Methodology matters.
It appears that God, despite the obvious problematic issues in the Reformation movement and Rome’s tantrums, indeed did inspire many of the Reformers who followed on the heels of Luther. Having said that, what needs to be understood at the outset is that the Reformation is a lesson in what can only be called the law of unintended consequences. Not all of the fruits of the Reformation were the result of the inspiration and guidance of the Holy Spirit, but rather the deviations and misunderstandings of well meaning reformers under the influence of inherited depravity and a zealous effort to distance themselves from all things perceived (rightly or wrongly) to be “Romish”. The only segment of the Reformation to successfully avoid this extremism was the English Reformation, which permits orthodox Anglicanism to be a via media between the traditions of the Church through the ages which do not violate Scripture, and the centrality of Sacred Scripture and the emphasis on salvation by grace through faith, and a personal relationship with Christ. Of course, it must be noted that the notion of a personal relationship was not altogether new, but really the product of the great mystics of Christian history, such as Therese of Avila and John of the Cross.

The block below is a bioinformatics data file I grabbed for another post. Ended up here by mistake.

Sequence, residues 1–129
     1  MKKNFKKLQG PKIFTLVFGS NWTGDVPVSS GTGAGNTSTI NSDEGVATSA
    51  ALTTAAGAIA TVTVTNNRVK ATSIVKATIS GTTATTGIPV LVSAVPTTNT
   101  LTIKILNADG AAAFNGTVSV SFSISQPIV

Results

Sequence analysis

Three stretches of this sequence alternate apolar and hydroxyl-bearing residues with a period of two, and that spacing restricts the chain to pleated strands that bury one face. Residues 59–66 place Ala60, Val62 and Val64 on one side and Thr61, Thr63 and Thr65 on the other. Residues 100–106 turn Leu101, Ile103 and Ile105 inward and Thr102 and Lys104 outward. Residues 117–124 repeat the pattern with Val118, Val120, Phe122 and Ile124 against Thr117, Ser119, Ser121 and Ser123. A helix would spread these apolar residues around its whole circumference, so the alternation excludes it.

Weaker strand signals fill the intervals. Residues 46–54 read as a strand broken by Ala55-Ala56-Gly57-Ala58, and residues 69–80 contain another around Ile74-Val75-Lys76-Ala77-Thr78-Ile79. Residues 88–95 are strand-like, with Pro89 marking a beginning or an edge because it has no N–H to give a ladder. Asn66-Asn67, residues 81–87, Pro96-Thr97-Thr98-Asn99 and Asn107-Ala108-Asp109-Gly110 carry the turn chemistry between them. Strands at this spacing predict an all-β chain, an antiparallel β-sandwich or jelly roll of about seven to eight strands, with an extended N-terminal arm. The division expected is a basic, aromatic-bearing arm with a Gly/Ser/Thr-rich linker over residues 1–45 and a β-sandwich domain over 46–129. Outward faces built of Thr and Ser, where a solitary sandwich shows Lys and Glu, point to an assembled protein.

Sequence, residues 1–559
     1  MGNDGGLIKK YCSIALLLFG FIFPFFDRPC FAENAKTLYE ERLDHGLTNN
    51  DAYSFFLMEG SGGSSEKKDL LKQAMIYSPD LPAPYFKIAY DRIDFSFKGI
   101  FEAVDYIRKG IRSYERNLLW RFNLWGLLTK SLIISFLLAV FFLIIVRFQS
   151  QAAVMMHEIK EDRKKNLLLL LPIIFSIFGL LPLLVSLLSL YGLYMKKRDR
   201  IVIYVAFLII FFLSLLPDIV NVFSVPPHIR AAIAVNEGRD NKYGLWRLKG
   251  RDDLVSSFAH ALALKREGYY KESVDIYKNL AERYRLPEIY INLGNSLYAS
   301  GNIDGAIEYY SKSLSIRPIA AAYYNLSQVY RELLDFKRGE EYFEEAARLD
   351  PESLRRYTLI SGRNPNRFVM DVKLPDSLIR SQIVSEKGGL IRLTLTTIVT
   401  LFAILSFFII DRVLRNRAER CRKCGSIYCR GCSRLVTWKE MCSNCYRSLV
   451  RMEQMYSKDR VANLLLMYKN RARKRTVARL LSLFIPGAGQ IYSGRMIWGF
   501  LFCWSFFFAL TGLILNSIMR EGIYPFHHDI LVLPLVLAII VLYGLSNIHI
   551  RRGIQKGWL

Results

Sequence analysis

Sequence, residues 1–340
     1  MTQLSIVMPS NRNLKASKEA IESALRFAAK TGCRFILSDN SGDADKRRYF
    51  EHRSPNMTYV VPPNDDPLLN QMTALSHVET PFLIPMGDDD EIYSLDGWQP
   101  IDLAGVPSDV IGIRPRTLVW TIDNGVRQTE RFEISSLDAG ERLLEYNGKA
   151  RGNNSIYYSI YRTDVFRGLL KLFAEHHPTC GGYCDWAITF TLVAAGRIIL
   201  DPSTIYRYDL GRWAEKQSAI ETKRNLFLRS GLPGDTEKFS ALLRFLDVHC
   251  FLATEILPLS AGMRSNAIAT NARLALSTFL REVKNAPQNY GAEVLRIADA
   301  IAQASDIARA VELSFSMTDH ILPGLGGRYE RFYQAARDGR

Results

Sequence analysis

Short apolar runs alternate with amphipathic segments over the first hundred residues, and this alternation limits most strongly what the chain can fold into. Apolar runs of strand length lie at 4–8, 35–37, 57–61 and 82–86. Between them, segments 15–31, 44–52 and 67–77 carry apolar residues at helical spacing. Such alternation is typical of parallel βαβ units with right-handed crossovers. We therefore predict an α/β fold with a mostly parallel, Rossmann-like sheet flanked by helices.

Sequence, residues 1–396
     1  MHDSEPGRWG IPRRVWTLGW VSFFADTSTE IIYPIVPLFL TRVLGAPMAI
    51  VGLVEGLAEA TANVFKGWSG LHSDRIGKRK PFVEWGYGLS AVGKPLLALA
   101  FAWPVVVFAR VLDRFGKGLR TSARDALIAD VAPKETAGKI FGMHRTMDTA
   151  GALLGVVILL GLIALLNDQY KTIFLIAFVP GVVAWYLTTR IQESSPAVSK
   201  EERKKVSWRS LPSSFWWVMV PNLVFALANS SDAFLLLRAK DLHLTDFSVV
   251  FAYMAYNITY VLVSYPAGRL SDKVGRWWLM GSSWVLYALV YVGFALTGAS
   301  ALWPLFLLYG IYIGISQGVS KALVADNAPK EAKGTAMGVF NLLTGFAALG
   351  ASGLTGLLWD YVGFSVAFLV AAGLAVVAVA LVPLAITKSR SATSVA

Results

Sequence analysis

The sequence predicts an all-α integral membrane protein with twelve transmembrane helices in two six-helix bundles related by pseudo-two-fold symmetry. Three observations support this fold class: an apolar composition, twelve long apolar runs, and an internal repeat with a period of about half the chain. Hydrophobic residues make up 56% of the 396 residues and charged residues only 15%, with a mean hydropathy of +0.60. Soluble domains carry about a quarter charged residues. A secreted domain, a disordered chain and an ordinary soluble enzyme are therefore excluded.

On the positive side, the Reformation certainly did much to reinvigorate Christianity, moving it back toward a Biblical orthodoxy and away from the accretions of non-Biblical ideas and practices. By focusing on Sacred Scripture as the rule of faith the Reformation undermined a misguided hierarchy that routinely abused their positions for personal gain, since they held the power of the Sacraments and of understanding Scripture. It also moved the faithful away from mere ritual observances and, in some cases, external and empty acts of piety, to a living, vibrant relationship with Jesus Christ, at least conceptually if not in reality for all involved. It insisted on the Bible being read by everyone in their own language (a positive for both the spiritual and educational foundations of European culture), in order to better foster that relationship. And yet with all of this good, the Reformation has given us some bad unintended fruits as well. Protestant leaders began to influence the politics of their respective regions, some for good and some not. Rather than using their influence to promote the unity of European Christians, in many cases they sought the persecution of fellow Christians who believed slightly differently on matters of theology, using the apparatus of the State to do so. In short, they became a miniature of what they claimed to have fought against in Rome. Many Protestant groups sided with the liberal ideology of the Enlightenment and republicanism, which has only led to a gradual move toward secularism, liberalism, cultural decay and the attempted eradication of any sense of Christian influence in the public sphere entirely.